Stories of this Canadian girl's adventures exploring Europe...join me!

Saturday, January 11, 2014

under the sea

Snorkeling Day 1: As the sea water enveloped me, I took a few panicked breaths, then did as great guy said and lowered my be-goggled head into the water. I opened my eyes and saw a whole new world in all the shades of Martha Stewart's paint line; bay leaf and sultana greens, sea glass and araucana teal, ballet slipper pink, persimmon red, cornbread and heath.

Wikipedia Commons
Floating, or more a feeling like flying, we moved our flippered feet softly forwards and backwards, over Red Sea coral reefs more than 6000 years old. It is a frenzy of peaceful activity 'down there'; a silent hive, like New York on mute, with as many citizens per square foot. Architectural wonders like wrecking ball-sized brain coral, tall skyscraper-like pillar corals, huge discus-shaped apartments three or four storeys high of mushroom coral, and garden-like lettuce coral. Not to be missed, the yellow fish, the most common fish in the Red Sea, sped to and fro reminding me of those other common yellow speedsters, but without the honking.

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Schools of zippy zebra fish heading to school; pairs of lovey racoon butterfly fish out for an afternoon date; gangs of plum-sized, jellyfish floating through us - like being attacked by bubbles; scattered needlefish, thin and long, meeting up like seniors on a street corner to discuss the weather; the eccentric town recluse, a pufferfish, hiding from us, but not really; and a lone devil firefish, the government bully everyone steers clear of for good reason, they hurt (in this case more the actions than the words).

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I must admit I did feel a bit like Ariel, all flippered and floating among the sea creatures. I even saw an anemone fish - Nemo's cousin (oh wrong movie). I couldn't help but hum a few bars of "under the sea, under the sea, darling it's better down where it's wetter, take it from me. La lala la...".

Wikipedia Commons
In between these fringing reefs are wide open sandy spaces, a stark contrast like a central park oasis amidst blocks of high-rise activity. The pocked surface is marked only with soft tracks looking like the moon rover had been by. As we pushed our way against the current to get a closer look I noticed a familiar outline in the sand. All of a sudden I was swimming through a National Geographic documentary. I tapped, more like grabbed hold of great guy's leg and pointed downwards as the shovelnosed ray came to life. It shook the sand from it's sail-like wings and glided away, a mere two metres away from us.

Shovelnosed Ray - Wikipedia Commons
Snorkeling Day 2: We anchored at Sha'ab Abu Nuhas, south of the Sinai Mountains at a place also called the "wreck graveyard". Four ships have sunk here, lying dormant in a neat row along the kilometres of reef here. It is a diver's paradise and home to a large variety of marine life who have moved into these 'new' digs.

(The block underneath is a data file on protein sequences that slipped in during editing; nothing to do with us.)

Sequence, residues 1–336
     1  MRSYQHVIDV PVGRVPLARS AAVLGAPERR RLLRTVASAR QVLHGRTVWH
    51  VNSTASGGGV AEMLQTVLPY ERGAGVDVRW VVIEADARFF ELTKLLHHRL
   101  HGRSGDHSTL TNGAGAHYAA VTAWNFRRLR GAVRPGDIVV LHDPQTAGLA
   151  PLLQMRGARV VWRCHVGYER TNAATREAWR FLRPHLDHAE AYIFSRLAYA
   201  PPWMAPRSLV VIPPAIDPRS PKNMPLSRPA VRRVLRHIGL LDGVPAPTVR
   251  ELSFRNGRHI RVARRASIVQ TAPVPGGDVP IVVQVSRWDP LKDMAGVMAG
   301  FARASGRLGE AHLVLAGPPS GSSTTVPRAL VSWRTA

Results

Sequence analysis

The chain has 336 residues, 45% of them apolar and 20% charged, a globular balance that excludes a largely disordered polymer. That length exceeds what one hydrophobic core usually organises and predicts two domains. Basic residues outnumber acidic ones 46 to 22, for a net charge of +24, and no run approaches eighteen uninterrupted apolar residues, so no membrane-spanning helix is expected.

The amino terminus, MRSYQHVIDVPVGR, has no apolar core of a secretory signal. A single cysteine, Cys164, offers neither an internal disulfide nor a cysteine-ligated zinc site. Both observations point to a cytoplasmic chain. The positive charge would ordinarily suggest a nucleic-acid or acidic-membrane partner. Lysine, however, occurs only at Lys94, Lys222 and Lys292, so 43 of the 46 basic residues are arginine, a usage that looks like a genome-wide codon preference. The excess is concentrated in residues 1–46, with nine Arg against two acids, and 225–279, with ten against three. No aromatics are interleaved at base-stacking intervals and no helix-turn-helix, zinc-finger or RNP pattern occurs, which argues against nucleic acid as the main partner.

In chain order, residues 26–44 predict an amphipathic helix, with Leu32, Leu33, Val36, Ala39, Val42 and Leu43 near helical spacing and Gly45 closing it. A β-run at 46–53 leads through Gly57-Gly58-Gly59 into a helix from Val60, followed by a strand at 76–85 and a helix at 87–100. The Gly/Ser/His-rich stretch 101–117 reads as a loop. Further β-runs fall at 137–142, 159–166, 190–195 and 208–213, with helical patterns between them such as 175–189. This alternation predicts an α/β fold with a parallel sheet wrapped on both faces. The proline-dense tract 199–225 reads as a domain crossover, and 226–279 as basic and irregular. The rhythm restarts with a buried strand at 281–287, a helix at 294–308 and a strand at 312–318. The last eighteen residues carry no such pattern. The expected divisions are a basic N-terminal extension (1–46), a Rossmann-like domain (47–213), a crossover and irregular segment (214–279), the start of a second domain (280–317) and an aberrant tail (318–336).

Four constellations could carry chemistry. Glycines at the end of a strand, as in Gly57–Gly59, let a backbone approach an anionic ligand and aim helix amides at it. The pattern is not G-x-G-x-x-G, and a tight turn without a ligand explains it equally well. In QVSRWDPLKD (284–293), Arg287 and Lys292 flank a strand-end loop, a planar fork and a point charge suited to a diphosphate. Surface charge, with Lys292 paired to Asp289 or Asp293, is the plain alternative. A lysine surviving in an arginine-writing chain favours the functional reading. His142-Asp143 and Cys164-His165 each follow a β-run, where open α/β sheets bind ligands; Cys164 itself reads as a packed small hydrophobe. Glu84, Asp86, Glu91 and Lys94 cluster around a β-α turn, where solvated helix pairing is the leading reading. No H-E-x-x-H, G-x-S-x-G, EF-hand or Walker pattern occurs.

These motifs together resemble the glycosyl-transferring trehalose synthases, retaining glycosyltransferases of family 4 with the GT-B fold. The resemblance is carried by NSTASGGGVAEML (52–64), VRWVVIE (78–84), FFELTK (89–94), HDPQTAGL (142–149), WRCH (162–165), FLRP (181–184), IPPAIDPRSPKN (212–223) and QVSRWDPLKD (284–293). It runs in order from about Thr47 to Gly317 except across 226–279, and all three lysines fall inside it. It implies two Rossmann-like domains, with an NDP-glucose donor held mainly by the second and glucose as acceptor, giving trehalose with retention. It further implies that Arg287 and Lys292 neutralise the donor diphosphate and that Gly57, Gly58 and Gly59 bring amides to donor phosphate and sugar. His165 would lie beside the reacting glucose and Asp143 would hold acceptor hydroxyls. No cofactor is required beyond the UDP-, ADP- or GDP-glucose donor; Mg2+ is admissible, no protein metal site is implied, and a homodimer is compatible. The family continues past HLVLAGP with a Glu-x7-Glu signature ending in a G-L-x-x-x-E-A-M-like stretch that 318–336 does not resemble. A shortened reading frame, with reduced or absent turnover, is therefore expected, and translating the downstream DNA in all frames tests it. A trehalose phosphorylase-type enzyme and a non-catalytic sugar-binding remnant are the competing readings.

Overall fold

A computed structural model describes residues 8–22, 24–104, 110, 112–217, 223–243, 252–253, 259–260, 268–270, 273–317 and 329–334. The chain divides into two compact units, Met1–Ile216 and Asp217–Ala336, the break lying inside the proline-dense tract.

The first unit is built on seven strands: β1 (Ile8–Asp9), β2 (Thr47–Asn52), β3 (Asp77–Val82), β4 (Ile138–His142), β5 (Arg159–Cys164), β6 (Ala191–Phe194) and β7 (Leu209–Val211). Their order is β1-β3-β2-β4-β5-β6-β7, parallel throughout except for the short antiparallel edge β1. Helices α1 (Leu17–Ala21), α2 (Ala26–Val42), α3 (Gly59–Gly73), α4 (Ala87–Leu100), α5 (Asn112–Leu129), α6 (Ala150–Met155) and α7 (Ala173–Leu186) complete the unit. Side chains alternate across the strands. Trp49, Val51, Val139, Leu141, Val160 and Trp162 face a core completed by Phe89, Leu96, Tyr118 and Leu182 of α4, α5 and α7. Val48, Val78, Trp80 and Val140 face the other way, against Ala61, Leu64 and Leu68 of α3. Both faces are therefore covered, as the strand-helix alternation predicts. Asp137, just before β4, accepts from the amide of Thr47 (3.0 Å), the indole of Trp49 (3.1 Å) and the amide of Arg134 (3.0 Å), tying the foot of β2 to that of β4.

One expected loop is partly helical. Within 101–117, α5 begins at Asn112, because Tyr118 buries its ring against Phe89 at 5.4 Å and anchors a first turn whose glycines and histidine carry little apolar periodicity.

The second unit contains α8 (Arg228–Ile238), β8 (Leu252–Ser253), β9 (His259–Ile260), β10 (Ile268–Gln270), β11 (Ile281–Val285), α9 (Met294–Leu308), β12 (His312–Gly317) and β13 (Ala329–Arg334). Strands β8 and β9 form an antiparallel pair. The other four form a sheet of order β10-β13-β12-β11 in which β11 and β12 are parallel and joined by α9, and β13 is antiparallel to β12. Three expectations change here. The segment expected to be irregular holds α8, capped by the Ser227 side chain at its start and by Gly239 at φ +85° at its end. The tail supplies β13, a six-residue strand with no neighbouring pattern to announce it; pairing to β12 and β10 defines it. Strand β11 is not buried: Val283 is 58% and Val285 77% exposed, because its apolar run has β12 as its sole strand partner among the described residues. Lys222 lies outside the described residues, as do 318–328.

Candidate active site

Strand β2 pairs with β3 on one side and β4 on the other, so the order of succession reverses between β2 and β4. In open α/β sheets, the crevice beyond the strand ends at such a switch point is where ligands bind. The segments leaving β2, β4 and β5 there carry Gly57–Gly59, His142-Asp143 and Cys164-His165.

Carnatic (1869) - Wikipedia Commons
I wasn't prepared for the wave (no pun intended) of sadness that gripped me as I put my head into the water and saw the first behemoth corpse of a ship lying disfigured on its side just three metres below me. It scared me and I fought to be brave and take in this incredible sight. While great guy happy-go-luckily dove and touched, dove and touched.

Ghiannis D (1983) - Wikipedia Commons
The oldest of the wrecks sunk here in 1869 with a load of gold and cotton headed from England to India. Most of the gold was recovered in the weeks afterwards, but 8000 British Pounds still remain a deep sea treasure to be found. Great guy's ears perked right up at that news!

Wikipedia Commons
My favourite of the wrecks, if I had to pick one, would be the "Wreck of the Lentils" - only for it's great name. But if you're needing some free tiles you might want to dive by the "Wreck of the Tiles" which sunk in 1978 carrying an entire load which still lie on board and unclaimed.

As our trip winds to an end, I'm already excited to get home, get my hands on some MS paint swatches, and get to work making some interior design changes. I want to surround myself with all of the soft colours I saw in the reefs...maybe not all in one room. We'll see how great guy handles the changes.

Wikipedia Commons
Footnote: After returning from our first snorkeling trip I checked into the location of Moses' Red Sea crossing. I was quite disappointed to learn that it was far north of our location. But I did feel a spiritual connection as I floated above the fishies...they must have just been kindred spirits.
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2 comments

  1. I was thinking as I read what you echoed in the end - how cool to be in the actual place where so many of those biblical events took place! The Sinai mountains, the red sea; How much more real it must all seem in that place.

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  2. Totally, it's just too bad that the situation there is so unstable. I really wanted to see the Nile and such, but to go during the night with guards freaked me out too much. So, we didn't go to Cairo or anywhere, just played in the peaceful ocean! Next time...

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